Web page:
Use It Or Lose It!
Atrophy, as described by Wikipedia, “is the partial or complete wasting away of a part of the body. Causes of atrophy include poor nourishment, poor circulation, loss of hormonal support, loss of nerve supply to the target organ, disuse or lack of exercise.”
Whenever you stop using a part of your body, it starts to atrophy. Personally, I am all too familiar with the concept of atrophy because when I was 16, I sustained a severe head injury. My left side was paralysed for multiple weeks, and though the hospital and rehab staffs – in addition to my family – I temporarily lost some use of my limbs. Because of the Grace of God, I was able to recover enough to function in the “normal” world, but every single day, I’m reminded that I did receive a Traumatic Brain Injury, or TBI.
Atrophy can affect not only limbs and organs, but also it can affect the mind. When we read books and magazines which push the limits of our minds, we are making our brains work better. When we sit in front of the television all day watching cartoons, our brains forget what it means to be stretched.
Just like with exercise, the more we do it, the healthier and stronger we become. The mind is like our biceps; if the only thing we “lift” with it is a two-pound weight – assuming we are able to do so easily – it will lose the “tone,” and therefore its strength to grasp unfamiliar concepts and ideas will become less – essentially, the mind’s ability to learn is a result of what has already been learned. We have to use it, or we’ll lose it.
The more we do something, the better we become at it. Personally, I’m an English-major in college. Therefore, I know and understand concepts which are completely foreign to, say, an statistics major. The reverse is true: a statistics major, ten years out of college, is more likely to grasp concepts about the growth rate of a certain disease – even if he/she has never studied that disease – than I am. The whole concept is not new to him – even if he’s been asking if you want fries with that for the past ten years.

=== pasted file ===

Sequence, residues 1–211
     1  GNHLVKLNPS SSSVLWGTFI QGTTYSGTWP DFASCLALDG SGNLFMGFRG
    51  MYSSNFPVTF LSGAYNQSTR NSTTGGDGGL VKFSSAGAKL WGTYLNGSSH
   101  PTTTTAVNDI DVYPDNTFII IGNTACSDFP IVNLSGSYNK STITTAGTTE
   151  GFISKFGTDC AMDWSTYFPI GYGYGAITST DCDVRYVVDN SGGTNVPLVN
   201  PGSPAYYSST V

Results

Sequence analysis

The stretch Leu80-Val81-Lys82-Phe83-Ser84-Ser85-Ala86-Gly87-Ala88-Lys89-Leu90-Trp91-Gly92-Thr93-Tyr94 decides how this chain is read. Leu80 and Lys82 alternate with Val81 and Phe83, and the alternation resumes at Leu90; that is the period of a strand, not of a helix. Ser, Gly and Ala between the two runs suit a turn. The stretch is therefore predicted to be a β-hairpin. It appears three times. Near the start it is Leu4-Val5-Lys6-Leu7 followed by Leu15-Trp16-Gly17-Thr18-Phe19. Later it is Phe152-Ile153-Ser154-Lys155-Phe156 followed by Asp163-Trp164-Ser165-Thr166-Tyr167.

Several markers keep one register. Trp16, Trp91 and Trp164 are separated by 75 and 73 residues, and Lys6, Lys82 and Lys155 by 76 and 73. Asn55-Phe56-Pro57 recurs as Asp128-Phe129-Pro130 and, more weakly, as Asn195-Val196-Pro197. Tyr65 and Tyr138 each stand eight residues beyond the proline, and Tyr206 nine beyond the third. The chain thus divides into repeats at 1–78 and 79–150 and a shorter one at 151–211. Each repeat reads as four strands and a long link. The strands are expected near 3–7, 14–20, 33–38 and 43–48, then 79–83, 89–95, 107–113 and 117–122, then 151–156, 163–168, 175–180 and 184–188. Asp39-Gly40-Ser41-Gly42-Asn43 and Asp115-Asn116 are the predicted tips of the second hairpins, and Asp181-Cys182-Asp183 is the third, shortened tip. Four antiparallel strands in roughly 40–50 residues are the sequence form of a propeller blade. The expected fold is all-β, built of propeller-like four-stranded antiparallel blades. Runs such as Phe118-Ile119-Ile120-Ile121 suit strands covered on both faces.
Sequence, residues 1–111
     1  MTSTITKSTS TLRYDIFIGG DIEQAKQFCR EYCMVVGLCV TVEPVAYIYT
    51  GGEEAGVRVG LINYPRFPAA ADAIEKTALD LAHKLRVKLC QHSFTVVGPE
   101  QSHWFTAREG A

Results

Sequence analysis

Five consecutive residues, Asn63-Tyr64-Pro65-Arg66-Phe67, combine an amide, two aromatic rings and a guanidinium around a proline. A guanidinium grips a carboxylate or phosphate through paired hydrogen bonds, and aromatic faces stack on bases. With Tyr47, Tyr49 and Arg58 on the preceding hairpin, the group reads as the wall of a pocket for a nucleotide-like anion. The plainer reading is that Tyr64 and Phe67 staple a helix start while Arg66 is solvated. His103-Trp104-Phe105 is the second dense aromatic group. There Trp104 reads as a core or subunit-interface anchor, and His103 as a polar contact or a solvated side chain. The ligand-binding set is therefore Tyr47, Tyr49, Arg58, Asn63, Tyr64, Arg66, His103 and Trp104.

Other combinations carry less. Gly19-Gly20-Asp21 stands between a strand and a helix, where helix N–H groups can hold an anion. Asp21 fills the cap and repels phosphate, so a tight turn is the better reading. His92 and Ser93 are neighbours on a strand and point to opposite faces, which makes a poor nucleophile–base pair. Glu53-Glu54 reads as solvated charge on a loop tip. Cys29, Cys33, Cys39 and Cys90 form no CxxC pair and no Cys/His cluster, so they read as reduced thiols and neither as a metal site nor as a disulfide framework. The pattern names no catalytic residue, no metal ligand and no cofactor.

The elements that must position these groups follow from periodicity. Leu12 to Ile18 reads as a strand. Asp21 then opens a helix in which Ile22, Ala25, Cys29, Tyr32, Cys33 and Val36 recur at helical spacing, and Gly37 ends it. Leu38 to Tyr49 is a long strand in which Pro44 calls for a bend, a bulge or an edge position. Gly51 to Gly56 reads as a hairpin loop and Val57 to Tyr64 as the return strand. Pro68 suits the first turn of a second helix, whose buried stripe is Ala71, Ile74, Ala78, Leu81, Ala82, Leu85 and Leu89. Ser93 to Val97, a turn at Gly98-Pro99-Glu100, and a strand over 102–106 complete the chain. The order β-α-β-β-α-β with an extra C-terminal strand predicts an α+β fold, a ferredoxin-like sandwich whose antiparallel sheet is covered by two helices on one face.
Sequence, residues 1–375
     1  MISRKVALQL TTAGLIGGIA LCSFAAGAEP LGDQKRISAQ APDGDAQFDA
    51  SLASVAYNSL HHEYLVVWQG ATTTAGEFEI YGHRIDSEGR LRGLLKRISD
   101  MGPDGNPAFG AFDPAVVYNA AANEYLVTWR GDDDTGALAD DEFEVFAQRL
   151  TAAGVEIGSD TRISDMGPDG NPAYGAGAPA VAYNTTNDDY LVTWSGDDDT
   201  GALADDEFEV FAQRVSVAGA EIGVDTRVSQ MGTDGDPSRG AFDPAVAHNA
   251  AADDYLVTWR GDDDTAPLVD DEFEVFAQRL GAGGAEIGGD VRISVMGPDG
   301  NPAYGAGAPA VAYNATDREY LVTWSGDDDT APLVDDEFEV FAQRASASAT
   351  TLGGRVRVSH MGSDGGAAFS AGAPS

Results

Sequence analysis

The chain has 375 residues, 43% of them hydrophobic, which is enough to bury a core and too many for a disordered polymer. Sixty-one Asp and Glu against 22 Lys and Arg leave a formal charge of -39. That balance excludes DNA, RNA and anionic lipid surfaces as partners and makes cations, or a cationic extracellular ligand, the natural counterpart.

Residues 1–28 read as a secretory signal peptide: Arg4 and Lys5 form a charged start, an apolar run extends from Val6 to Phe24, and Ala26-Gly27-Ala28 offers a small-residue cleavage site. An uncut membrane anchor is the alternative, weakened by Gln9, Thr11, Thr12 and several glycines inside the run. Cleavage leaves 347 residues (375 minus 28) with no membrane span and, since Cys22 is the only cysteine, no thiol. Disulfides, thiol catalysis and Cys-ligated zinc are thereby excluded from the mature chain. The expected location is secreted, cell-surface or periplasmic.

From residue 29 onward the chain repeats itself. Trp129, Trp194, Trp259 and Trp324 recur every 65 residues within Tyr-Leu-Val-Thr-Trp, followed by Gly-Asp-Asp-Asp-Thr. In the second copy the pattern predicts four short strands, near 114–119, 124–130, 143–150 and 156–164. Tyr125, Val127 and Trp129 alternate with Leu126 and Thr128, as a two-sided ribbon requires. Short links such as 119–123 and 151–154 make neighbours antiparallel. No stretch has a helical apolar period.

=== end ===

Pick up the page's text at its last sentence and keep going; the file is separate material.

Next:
Does that mean he’s smarter than I am? Does the fact that I can see symbolism and extended metaphors in books and movies mean I’m smarter than someone who does not? Not at all!
With The Emergence of The Relationship Economy,we should all be devouring whatever we can find that talks about it. 2007 was a year of rapid growth in the realms of social networks and online applications. What have you read to prepare yourself for the eminent explosion of “The Relationship Economy?”
My point is that the more we use our minds to learn new things and the more often we “think outside the box,” the smarter we will feel and will soon become.
How ’bout it?
This entry was posted on January 5, 2008 at 7:20 am and is filed under grammar, networking, relationship economy, social networking, social web, The Communications Factors, Web2.0. You can subscribe via RSS 2.0 feed to this post's comments.comment below, or link to this permanent URL from your own site.